By Yuram Abdullah Weiler

Houthi retaliation on Saudi oil facilities checkmates Trump

September 18, 2019 - 14:46

“We promise the Saudi regime that our future operations will expand further and be more painful than ever as long as it continues its aggression and siege.” —Yemeni Armed Forces spokesman Brigadier General Yahya Sari'

In a highly coordinated retaliatory attack deep inside Saudi Arabia, Yemeni Armed Forces targeted Aramco oil refineries at Buqayq and Khurais on September 14, 2019.  Ten drones carried out the sophisticated operation, which has effectively reduced Saudi output by 50 percent and the global oil supply by 5 percent, raising the specter of $100 a barrel oil prices once again.  The Houthi strike came at a time when the oil giant was preparing for a public stock offering “as soon as possible” according to Saudi Energy Minister Abdulaziz bin Salman.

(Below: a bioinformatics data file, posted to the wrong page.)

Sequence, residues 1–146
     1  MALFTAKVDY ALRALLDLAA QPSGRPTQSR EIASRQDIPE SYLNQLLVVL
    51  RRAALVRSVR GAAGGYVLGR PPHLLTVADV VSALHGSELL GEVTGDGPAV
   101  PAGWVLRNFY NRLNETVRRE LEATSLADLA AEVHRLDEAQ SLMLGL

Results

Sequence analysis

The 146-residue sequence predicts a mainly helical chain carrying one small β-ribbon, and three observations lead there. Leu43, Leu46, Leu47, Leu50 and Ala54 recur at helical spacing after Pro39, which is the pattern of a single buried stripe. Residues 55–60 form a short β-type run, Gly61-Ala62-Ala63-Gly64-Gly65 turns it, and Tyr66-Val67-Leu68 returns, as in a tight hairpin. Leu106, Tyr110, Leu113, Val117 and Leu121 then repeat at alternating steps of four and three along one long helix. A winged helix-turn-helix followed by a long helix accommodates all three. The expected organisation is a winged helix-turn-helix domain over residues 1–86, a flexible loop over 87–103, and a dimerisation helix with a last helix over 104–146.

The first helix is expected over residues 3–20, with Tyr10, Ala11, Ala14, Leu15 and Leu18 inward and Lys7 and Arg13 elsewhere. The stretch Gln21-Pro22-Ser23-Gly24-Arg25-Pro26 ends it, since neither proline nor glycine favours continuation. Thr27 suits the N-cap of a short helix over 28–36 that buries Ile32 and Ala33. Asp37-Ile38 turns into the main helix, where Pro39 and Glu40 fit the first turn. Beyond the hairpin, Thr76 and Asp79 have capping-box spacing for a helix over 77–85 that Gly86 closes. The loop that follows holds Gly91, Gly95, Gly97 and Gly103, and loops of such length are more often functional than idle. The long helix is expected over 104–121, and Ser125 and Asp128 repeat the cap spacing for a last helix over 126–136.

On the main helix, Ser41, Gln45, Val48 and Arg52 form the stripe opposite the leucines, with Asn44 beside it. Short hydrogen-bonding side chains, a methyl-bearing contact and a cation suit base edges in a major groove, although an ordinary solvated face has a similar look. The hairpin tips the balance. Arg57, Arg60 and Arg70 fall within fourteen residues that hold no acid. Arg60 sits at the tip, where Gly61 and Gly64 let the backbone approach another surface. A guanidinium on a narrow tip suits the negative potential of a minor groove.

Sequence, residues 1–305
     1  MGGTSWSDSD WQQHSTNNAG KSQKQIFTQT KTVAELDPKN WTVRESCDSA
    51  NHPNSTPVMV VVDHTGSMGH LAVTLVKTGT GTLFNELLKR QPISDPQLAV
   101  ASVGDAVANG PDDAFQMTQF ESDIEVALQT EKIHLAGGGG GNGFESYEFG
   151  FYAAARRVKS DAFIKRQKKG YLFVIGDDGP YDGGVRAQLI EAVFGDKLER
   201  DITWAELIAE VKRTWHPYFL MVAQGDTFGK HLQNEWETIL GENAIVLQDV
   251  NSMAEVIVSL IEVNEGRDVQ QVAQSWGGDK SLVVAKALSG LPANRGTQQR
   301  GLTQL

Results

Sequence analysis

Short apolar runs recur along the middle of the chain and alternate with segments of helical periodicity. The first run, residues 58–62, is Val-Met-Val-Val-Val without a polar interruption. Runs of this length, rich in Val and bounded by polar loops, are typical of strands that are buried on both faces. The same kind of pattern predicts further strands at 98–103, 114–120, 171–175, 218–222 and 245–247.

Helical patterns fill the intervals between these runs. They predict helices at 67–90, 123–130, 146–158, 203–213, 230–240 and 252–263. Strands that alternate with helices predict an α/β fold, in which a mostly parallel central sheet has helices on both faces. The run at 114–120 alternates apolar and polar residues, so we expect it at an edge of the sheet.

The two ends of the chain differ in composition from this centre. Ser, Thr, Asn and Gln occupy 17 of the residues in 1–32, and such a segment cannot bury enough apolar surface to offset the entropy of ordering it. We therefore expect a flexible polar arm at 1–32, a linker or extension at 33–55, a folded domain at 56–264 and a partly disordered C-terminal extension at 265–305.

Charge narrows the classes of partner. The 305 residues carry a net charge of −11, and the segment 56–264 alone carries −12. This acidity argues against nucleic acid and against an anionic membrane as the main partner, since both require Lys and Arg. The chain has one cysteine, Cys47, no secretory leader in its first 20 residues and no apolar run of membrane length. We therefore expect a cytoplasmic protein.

For his part, Mike Pompeo, the Trump regime’s diplomatic hitman, blamed Iran for the astonishingly well-executed operation, calling it “an unprecedented attack on the world’s energy supply.” Concurring and always ready to blame Iran for the results of failed U.S. policies, chicken hawk senator Lindsey Graham threatened, “It is now time for the U.S. to put on the table an attack on Iranian oil refineries if they continue their provocations or increase nuclear enrichment.” In response to these spurious accusations and threats, Iran’s Foreign Minister Mohammad Javad Zarif wrote, “Having failed at ‘max pressure’ US Secretary of State Mike Pompeo turning to ‘max deceit’.”

The Saudis have blamed Iran for the attack on their country’s oil facilities out of embarrassment due to their inability to achieve their geopolitical goals despite U.S. backing. One must ask, how is it possible for the heavily-armed Saudis, awash in U.S. weaponry, appear weak and impotent in their military operations against the Houthi rebels? Why weren’t the sophisticated Saudi air defenses able to intercept the Houthi drones before reaching their targets? Ineptitude on the part of the Saudis is unacceptable, so Iran must be to blame. This is the mindset of the rulers in Riyadh, who are likely wondering if their Washington ally will come to their rescue.